Friday, May 18, 2012

Speaking of offensive names, drop "The Civil War"

Now that the Oregon Board of Education has demonstrated ethnic sensitivity by ordering the dropping of high school sports mascots variously representing stereotypes of Native Americans, isn't it time the Oregon Board of (allegedly) Higher Education showed the same sensitivity about "The Civil War," the pathetic name of the overheated and much hyped rivalry between Oregon State and the University of Oregon.

If we can mandate the end of the 'Braves," the "Warriors" and the "Indians," we can certainly end "The Civil War," a name which celebrates death, destruction and internal strife without regard to skin color, ethnicity, gender or combat status.

It should offend us all.

Consider the view of Tom Ball, an assistant vice president at the University of Oregon’s Office of Institutional Equity and Diversity, regarding the Native American names.

In a March 8 Oregonian article, Ball, who is a member of the Klamath Tribes, recalled a 1978 incident at Siletz Valley High School, whose mascot is the Warrior. A coach loudly yelled to his players to “kill” their opponents, using an expletive and a pejorative term for Native Americans.

“That’s what this kind of stuff allows,” Ball said. “It builds up over time. Little cuts and big ones. They build up and build up.”

Likewise, this is the kind of "stuff" "Civil Wars" allow. And they too build over time.

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Tuesday, May 15, 2012

21st Century learning: Beyond brick and mortar

Question: Should the public invest in more brick-and-mortar school facilities in this internet age?

The question is particularly relevant as Portland Public School District officials lay the groundwork for another campaign to pass a bond measure for capital improvements, including new schools.

The last measure, for more than a half billion dollars, was narrowly defeated on election day one year ago.

Missing in this year’s run-up is the discussion of how technology is changing the very nature of education. And education is what we should be focused on, not schools.

Communication technology is doing to schools what it has done to “traditional media,” newspapers and television. But because the media are in the private sector, media organizations have to stay focused on the bottom line. As a result they have scrambled and changed to be financially sustainable.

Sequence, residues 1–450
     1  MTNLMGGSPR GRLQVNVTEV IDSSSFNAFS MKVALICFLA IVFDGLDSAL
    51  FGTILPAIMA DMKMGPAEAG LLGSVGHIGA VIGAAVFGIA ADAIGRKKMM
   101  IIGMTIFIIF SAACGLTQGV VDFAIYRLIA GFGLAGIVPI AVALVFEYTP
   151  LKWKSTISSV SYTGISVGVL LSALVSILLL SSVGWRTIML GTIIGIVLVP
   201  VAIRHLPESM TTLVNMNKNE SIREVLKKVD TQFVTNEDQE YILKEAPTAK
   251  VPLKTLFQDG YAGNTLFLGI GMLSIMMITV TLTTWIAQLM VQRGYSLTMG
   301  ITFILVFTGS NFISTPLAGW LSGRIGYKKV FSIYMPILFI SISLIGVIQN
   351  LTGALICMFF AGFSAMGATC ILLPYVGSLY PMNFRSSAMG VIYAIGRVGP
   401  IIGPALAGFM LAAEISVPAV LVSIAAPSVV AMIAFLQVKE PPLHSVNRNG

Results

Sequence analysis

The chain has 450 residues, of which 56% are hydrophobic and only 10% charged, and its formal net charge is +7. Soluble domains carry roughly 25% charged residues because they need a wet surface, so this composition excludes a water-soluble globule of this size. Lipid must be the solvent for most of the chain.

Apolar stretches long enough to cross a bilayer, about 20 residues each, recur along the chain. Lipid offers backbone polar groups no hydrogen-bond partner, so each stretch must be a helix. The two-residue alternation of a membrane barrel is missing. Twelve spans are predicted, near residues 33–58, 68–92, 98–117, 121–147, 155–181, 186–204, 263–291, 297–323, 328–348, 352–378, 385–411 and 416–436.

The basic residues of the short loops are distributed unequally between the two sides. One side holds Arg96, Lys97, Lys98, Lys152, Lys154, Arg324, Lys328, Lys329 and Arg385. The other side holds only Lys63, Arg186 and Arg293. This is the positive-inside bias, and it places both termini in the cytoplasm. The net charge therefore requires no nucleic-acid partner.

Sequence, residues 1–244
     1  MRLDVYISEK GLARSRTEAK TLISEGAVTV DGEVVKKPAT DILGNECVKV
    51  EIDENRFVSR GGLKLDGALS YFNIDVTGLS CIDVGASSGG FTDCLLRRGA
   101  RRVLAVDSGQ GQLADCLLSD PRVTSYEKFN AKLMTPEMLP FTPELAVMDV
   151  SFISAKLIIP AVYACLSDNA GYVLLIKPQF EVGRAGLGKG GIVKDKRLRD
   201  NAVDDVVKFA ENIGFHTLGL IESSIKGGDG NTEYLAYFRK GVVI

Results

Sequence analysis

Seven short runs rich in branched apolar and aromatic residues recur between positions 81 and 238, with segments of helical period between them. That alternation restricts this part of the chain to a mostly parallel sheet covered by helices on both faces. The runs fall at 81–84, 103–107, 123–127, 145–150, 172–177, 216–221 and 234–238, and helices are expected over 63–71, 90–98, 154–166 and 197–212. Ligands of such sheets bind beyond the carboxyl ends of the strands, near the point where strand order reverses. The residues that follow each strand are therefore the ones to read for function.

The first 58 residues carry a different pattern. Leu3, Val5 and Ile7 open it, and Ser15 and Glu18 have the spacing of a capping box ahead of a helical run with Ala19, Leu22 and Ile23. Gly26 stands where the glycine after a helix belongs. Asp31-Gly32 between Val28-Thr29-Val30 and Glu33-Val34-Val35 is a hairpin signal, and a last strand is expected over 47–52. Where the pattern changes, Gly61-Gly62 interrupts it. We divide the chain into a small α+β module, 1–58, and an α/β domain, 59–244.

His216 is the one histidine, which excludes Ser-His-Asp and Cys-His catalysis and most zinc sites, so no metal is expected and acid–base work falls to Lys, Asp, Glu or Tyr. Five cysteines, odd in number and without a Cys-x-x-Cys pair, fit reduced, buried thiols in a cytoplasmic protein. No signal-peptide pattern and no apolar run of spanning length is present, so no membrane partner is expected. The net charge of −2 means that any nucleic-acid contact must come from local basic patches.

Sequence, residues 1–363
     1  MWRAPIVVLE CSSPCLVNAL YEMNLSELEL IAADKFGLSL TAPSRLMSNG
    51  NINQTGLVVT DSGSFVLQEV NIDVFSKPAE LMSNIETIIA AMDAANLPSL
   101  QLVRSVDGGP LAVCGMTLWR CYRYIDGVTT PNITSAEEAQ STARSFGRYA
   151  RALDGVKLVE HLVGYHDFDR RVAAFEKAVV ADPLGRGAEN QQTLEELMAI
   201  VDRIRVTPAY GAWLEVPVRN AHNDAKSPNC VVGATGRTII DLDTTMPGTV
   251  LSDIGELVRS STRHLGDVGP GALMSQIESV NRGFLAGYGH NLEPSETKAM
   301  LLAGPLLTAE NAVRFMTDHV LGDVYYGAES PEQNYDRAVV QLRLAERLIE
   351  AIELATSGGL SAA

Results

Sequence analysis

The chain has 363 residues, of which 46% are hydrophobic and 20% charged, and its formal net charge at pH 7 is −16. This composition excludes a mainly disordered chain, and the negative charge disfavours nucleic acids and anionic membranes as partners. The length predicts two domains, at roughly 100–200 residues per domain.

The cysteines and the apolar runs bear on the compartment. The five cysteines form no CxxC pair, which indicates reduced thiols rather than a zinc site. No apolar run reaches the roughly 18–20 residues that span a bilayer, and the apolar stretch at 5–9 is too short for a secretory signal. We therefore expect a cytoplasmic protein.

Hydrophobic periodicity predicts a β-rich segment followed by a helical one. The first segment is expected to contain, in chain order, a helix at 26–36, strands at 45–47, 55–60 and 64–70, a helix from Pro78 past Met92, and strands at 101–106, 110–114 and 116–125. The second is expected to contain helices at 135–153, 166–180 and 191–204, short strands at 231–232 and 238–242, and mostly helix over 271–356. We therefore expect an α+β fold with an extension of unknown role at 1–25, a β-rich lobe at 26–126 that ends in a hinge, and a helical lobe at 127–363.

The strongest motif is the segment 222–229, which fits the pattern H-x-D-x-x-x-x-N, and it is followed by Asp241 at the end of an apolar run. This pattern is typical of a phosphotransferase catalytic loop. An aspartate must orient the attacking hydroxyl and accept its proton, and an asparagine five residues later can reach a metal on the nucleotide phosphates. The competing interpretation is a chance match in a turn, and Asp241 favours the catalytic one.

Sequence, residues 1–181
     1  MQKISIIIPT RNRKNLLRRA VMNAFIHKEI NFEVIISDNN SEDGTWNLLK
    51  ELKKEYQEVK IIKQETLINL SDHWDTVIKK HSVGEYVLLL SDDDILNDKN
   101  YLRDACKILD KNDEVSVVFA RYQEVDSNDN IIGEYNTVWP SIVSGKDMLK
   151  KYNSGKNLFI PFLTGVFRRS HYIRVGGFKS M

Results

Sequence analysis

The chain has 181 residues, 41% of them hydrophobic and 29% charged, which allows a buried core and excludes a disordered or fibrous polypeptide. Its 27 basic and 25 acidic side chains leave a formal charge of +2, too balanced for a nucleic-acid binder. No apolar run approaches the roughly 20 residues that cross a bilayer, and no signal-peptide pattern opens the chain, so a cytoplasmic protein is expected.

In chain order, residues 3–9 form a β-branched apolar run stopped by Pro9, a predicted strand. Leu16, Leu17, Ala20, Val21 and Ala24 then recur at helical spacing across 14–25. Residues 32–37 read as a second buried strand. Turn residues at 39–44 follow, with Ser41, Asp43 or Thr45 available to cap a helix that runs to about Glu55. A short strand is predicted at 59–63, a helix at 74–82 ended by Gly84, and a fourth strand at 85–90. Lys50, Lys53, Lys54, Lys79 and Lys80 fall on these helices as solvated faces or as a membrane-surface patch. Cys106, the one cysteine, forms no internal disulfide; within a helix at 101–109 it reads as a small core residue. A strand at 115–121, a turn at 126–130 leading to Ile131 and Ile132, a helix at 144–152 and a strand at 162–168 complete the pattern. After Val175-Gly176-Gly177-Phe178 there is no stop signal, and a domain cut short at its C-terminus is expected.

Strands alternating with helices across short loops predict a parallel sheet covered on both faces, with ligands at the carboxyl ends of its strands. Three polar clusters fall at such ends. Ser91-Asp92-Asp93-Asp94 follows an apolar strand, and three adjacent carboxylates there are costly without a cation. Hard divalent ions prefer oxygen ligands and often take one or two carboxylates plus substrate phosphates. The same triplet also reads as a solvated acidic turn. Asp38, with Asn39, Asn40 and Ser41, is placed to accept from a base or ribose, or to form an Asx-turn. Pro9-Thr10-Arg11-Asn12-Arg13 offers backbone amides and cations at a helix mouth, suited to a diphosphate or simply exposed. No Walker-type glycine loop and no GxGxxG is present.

Those that failed to make needed changes have died or are dying. And, not surprisingly, readers and viewers have adjusted too, or they have paid the price of being uninformed...or ill-informed.

On the other hand, schools, as public institutions, have little motivation to change in fundamental ways. They are tied to building-based learning and teachers standing at the front of the class. Even traditional textbooks are still in the budgets.

The only change we are seeing in the schools is reactive, resulting from declining revenues. The change is taking the form of traditional cuts in staff and programs.

Instead, the crisis should prompt a deep reappraisal of what education needs to be, and how it is delivered, in the 21st Century.

I didn’t vote for last year’s bond measure in part because of this institutional myopia. The other part, not surprisingly, was a big jump to my tax bill in a time of financial hardship. I doubt I was alone in the way I reacted.

The two parts of my reaction are related. As we know, we live in an information age, and information is at the heart of learning and of economic success. If we are to be a competitive society in a world economy, we — our educational leaders, our governmental institutions, our businesses —must use technology to advance learning and innovation.

From all appearances, our children are more than ready to embrace this technology (if not always in the best ways), but are we adults? And are we willing to create the norms that allow young generations to get the most out of powerful emerging and changing communication/education technology?

HERE is just one development in how technology could reshape education.

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